Craning my neck, I stood in the makeshift backstage area of a small studio in Little India and tried to get a good look at the first play I ever directed. But about halfway through the show, I was pathetically trying to blink back tears that were already spilling down my cheeks and wiping away snot dripping from my nose on the sleeve of my motley jumper. That was perhaps one of the most liberating and humbling moments in my life because finally, finally I realised what I was meant to do.
What if I became like them? What if at fifty, I realised that I hated my job and never even really liked it to begin with? That night as I stood backstage and watched my play, I felt relieved because I knew that what I wanted to do in life was to create art.
An artist? There were bewildered laughs and sympathetic looks thrown in the general direction of my parents.
Naive. Delusional. Simplistic. That’s what they thought of me. I could see it on their faces. And maybe they were right. Maybe, I am all that. But when did it become so crazy to have a dream?
The world is cruel to those of us who dream. Often, we are regarded as some kind of odd species, creatures of sorts, because people cannot fathom why we do what we do. Parents kick us out of the house and refuse to fund our education unless study something practical like medicine, law, architecture or engineering. Friends scoff at us. Teachers tell us to be pragmatic. Random uncles at Chinese New Year dinners give us ‘reality checks’.
In this day and age, it is so incredibly easy for us to be jaded and disenchanted. It is easy for us not to chase our dreams and follow our passions. There is no hard and fast rule in this business of chasing your dreams. I can only tell you to find something in yourselves to keep going. Because boy, is it tough.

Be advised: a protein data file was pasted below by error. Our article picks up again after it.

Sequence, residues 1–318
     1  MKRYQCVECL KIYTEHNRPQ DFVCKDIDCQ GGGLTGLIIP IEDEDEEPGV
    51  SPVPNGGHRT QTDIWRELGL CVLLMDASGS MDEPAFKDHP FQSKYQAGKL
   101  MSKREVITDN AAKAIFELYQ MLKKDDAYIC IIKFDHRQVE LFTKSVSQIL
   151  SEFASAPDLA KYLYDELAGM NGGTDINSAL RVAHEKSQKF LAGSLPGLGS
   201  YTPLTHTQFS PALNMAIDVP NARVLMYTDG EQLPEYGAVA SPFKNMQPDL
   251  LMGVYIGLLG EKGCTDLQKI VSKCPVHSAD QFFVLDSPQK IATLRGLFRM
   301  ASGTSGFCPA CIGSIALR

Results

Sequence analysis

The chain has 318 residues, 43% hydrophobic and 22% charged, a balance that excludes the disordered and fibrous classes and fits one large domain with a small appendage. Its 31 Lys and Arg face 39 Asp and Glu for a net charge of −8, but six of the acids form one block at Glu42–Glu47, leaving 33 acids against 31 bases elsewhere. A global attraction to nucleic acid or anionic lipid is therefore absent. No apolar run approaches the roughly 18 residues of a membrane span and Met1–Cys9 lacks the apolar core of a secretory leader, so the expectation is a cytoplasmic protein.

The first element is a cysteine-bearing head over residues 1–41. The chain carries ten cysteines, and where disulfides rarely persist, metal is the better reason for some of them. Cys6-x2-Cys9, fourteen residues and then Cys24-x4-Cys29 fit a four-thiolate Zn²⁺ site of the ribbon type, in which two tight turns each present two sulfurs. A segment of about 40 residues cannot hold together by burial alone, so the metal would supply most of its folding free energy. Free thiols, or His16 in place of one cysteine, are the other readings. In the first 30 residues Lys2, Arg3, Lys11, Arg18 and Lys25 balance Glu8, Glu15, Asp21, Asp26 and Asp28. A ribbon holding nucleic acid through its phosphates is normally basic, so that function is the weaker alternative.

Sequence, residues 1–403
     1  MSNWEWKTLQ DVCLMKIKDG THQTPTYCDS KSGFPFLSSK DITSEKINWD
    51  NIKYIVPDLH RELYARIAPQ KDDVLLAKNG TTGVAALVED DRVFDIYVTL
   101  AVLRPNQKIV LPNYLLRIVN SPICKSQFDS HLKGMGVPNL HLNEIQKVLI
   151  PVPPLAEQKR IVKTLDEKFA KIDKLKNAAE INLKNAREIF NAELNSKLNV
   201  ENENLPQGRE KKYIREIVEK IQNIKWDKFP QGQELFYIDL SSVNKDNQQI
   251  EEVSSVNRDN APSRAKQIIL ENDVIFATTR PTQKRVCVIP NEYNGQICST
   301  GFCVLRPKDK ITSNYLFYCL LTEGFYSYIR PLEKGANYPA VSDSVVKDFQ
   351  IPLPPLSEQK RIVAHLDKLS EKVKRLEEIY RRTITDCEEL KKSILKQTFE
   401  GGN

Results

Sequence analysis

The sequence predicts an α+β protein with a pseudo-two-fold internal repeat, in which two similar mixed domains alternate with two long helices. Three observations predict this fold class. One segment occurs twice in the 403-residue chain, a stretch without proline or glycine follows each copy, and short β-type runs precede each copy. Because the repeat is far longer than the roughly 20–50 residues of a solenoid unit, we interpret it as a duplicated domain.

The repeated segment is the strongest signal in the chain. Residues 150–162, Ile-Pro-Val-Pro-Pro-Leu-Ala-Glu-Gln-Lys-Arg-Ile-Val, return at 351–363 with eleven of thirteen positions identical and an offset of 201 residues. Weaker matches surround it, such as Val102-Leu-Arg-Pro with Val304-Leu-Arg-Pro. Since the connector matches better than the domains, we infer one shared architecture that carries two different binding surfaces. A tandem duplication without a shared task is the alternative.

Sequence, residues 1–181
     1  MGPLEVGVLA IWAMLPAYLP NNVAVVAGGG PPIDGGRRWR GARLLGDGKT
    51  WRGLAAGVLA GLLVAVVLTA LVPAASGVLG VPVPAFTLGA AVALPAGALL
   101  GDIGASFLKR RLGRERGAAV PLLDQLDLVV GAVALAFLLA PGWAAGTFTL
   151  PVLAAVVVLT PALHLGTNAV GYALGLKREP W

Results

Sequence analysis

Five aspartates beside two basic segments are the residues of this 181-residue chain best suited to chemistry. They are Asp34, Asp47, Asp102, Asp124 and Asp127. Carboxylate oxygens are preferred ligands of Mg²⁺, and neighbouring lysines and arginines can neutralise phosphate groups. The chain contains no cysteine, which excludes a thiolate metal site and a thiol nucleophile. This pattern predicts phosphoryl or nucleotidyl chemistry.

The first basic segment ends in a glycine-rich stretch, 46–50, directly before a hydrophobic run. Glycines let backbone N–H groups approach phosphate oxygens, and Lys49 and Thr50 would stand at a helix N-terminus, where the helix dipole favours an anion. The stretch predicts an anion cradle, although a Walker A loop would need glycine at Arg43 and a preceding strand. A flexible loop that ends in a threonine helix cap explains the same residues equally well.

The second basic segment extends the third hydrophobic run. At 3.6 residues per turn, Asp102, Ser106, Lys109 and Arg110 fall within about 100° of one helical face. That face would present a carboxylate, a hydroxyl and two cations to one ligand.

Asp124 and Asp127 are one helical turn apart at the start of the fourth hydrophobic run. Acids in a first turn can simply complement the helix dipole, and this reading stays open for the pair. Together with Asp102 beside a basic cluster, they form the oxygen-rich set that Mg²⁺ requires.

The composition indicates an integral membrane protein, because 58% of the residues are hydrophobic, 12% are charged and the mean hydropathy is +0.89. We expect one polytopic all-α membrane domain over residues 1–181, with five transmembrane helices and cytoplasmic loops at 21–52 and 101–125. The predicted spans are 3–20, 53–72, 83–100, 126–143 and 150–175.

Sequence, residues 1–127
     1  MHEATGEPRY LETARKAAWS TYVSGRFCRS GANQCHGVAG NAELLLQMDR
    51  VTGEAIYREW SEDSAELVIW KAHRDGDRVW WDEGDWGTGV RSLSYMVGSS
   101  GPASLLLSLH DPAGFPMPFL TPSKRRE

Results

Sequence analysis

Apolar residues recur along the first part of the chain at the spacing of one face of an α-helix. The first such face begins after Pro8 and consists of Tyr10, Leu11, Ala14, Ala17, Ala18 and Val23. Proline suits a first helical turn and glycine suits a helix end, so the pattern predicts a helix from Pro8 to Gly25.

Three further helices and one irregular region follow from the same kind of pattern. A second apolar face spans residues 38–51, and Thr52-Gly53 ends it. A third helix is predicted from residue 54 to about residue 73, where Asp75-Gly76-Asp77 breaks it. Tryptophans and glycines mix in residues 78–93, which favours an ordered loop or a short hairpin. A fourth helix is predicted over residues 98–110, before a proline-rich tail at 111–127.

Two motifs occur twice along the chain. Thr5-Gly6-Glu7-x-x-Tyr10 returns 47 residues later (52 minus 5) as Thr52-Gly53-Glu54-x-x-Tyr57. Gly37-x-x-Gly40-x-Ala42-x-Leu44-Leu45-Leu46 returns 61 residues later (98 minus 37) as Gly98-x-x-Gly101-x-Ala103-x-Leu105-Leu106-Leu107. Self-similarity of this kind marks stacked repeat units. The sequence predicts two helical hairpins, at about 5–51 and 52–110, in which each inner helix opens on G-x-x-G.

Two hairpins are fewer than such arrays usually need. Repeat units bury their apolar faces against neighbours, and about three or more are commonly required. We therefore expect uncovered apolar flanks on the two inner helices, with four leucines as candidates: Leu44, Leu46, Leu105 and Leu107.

You will fail, multiple times. That goes without saying.
It can start to feel like a pipe dream. There will be times when you pull your hair and go absolutely crazy because you have no idea what you are doing. It sounds berserk and borderline plain stupid but that feeling of insecurity is necessary.
Something remotely good only comes from some kind of pain and struggle. You see, we’re built to fight. And you’d be surprised by just how hard you’re willing to fight for the things you love and believe in.
Theatre and film saved me as a kid. It took me out of my convent school, small neighbourhood, easy life and gave me a place in this big world. It made me feel human, like I was finally, really, living. And I want to give that to somebody. This is what keeps me hustling. This is what keeps me going when I feel like quitting. Thisis what gives me the strength to create art because I know that one day it will do the same for some kid somewhere.
At the end of the day, you have to ask yourself another question – “Do you love it enough to go crazy for it?”
My answer started off a little shaky in the beginning, a “maybe” disguised as something else. But by the minute as I fall more madly in love with art, it gets surer and firmer.
EXCERPT OF CRAZY IN LOVE ORIGINALLY SEEN IN ISSUE 2: IRON IN THE FIRE
Dakshayani’s piece struck a chord in a few of our readers, and within the team-members themselves: ARE WE made to fight? Are we actually prepared to take every chance we get, no matter how painful, and use it to work towards our dreams?
As the Founder of Carpe Bloom, I do feel that the above is true. Dakshayani’s piece resounded within me; I know that there are things such as writing, such as Editing – things that I would absolutely fight for chances for, to hone my skill at it.
Dak and I have been friends for a while now; she’s been a mentor to me on occasion and with Carpe Bloom, I’v brought a smile to slip on her graceful lips on other occasions, too. Here, she’s taught me with all of her fiery soul. ❤